When Big Freedia sissy bounces, everybody listens
RICH LOPEZ | Staff Writer email@example.com
with Rusty Lazer. The Loft,
1135 S. Lamar St.. Dec. 4. at
7:30 p.m. $12–$14.
Sissy bounce. The two words either say it all — or say it all wrong.
But Big Freedia says it’s just a party to him. Relying on heavy samples and jagged dance beats, the sound is having a resurgence just as its home, New Orleans, is, too. And for Freedia, right now is the time for the world to get onboard. The gay performer plans to show Dallas on Saturday just how New Orleans gets down.
“At the end of the day it’s all bounce music,” he says. “That category just separates us from other rappers, but I’m totally fine with it.”
“Bounce music” has its roots in Southern rap and is characterized by party beats, sexualized chants and call-outs. Add a queer slant to it and it becomes “sissy bounce.” Outside its Deep South roots, sissy bounce takes on a more underground flavor.
And people are taking notice. Articles have been appearing more in recent years featuring Freedia and his gay bounce contemporaries, Katey Red and Sissy Nobby. But the music and musicians may have gotten their most rewarding exposure when Jonathan Dee’s impressive piece in the New York Times, “New Orleans’ gender-bending rap,” came out this summer. When the Times takes notice, people follow.
“It’s not a new thing going on, just right now,” Freedia says. “The music has been around for 20 years, but it’s new for a lot of people all around. There’s a boom and I’m just excited to be one of those artists.”
Out musicians across genres are having a noticeable emergence in music. Beyond mainstream Ricky Martins and Melissa Etheridges, indie rock, neo-folk and pop are genres bursting with their share of LGBT musicians contributing to the musical fabric; gay rappers Drew Mason and Yo! Majesty take on hip-hop to tell their stories in a genre that’s notoriously homophobic. But sissy bounce takes the gay perspective to different levels. The brash aggressiveness of it could be a declarative statement of Pride, but could it also perpetuate stereotypes?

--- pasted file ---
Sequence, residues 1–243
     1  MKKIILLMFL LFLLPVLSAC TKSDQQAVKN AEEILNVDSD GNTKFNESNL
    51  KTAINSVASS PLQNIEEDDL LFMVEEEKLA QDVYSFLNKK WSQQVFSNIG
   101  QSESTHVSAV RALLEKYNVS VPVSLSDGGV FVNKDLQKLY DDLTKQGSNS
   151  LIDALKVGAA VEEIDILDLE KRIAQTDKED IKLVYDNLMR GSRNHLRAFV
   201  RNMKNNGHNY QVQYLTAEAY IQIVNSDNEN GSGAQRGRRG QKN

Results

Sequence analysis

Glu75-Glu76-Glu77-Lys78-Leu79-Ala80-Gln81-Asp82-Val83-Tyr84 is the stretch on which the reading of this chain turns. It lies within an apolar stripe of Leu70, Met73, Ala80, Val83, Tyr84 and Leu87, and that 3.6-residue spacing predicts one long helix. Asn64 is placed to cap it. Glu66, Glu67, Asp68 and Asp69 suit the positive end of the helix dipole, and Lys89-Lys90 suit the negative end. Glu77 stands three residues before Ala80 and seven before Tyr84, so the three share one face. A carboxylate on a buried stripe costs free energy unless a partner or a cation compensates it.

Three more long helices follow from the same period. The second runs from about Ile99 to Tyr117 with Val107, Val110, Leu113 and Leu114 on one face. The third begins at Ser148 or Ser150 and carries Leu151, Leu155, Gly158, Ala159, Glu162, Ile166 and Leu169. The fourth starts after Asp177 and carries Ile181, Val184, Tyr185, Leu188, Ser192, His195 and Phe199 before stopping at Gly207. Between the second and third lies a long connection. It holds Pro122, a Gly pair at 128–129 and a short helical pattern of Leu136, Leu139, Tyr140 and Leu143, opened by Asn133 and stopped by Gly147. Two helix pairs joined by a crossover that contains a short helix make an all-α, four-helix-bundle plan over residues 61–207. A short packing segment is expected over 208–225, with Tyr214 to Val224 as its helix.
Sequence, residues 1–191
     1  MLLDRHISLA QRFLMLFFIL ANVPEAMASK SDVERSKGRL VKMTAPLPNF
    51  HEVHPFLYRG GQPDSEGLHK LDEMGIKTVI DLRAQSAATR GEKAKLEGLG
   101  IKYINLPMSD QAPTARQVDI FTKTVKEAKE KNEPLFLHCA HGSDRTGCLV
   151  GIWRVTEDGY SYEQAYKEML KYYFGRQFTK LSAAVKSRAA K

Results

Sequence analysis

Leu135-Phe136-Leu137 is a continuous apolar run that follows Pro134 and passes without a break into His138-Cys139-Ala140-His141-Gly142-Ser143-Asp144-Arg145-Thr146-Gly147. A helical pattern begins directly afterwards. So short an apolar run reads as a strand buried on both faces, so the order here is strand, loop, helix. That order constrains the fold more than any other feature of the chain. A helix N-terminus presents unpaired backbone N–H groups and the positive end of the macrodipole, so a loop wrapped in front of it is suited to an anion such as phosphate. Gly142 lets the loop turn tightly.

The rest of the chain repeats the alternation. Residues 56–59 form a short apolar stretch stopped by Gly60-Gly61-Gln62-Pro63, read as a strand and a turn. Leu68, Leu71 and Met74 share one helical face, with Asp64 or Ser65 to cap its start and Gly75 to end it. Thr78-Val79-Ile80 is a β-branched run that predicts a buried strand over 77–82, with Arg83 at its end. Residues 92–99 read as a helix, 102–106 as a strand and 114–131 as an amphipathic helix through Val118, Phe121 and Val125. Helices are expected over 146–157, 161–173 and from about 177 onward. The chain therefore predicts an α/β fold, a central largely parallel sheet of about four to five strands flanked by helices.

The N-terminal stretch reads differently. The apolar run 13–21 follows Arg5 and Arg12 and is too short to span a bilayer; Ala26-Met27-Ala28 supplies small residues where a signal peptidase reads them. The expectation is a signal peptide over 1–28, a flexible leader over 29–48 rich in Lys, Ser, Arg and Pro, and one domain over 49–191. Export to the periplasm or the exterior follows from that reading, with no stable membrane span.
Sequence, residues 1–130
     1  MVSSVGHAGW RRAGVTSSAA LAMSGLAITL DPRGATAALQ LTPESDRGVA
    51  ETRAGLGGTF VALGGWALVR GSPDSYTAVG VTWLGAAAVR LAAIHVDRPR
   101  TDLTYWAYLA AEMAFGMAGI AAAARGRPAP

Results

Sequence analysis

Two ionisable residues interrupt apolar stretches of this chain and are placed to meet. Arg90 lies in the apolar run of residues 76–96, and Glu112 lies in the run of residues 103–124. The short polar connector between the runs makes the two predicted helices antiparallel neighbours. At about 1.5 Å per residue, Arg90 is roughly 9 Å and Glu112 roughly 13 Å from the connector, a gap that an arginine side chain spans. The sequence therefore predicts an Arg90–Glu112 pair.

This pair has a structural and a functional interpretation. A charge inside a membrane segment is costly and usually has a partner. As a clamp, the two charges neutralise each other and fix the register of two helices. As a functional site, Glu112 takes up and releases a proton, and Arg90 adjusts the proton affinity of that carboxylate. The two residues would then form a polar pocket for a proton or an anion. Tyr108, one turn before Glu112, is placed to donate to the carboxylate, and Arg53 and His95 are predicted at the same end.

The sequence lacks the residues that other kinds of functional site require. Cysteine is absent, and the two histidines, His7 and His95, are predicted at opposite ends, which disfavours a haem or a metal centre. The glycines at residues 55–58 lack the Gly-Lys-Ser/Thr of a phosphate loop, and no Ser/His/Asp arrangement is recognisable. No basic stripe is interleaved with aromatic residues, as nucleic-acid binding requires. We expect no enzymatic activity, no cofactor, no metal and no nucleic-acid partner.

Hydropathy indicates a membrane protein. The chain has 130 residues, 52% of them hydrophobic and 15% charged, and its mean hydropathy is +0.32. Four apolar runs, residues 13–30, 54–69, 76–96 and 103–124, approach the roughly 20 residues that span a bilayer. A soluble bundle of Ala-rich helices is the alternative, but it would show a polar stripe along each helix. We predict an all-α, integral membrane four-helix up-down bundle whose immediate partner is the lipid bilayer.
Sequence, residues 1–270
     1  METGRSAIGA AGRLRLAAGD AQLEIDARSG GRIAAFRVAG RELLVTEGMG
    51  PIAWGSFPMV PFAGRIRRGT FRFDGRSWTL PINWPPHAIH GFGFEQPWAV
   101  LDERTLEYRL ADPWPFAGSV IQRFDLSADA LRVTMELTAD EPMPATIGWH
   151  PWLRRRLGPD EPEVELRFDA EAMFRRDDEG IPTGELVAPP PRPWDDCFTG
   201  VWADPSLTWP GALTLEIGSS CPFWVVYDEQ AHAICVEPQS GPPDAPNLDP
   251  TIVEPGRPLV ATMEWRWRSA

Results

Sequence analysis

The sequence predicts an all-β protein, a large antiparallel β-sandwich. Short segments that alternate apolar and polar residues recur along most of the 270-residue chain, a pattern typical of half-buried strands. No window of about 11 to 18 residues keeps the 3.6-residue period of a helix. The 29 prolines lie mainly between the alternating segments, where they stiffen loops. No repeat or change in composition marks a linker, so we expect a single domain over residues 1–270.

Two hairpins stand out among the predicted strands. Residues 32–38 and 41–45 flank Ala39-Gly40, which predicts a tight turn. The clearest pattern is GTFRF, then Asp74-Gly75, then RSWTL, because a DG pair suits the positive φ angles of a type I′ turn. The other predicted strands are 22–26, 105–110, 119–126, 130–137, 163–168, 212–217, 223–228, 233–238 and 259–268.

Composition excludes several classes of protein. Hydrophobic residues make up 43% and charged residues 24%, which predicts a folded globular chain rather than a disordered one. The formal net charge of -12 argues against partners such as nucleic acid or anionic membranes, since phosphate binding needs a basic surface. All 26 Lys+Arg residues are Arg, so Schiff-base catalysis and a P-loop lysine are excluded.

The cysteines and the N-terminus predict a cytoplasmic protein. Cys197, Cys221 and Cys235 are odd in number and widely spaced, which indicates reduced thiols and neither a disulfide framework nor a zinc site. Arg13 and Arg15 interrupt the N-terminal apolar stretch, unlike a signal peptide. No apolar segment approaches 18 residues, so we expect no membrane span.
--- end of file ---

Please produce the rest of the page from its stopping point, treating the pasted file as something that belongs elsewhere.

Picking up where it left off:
“Bounce music is up-tempo with a heavy bass. It’s party music that’s all about ass-shaking and pussy-popping,” Freedia says.
Note that last part — sissy bounce is highly charged with lyrics on defiant sex and partying. Sometimes this is an image gay men can’t escape. As the profile of sissy bounce grows, it’s easy to ask if mainstream coverage will focus on the actual brilliance of the music as a whole or merely pinpoint lyrics that will be used as a tool against LGBT communities.
Sissy bounce might suffer from “parade syndrome,” where all mainstream media shows are scantily clad dancers and high-heeled drag queens rather than paint a complete picture. and rebuilding both his career and his home, Freedia is on the verge of bigger things and any publicity is good exposure. Besides, he’s got a positive message underneath all that rapping about “Azz Everywhere” and “Gin in my System.”
“My mission is to put bounce music all over the world and teach my culture about growing up with struggles. I firmly stand and believe on encouraging peers and my younger generation. If you believe in anything and move forward, good things can happen. That’s my message — especially in the gay world.”
Non-gay listeners can take heed as well. Freedia’s music has resulted in mixed crowds at his shows. This excites him as a gay performer to break boundaries.
“It don’t matter who it is. [Audiences are] loving what I’m singing and feeling it,” he says. “When I perform, my intention is all about bringing it and making people have a good time. Some people don’t know exactly how to accept it at first, but by the end, it’s a real party.”
Which sounds like a reasonable approach to the music itself for the uninitiated.
This article appeared in the Dallas Voice print edition December 3, 2010.
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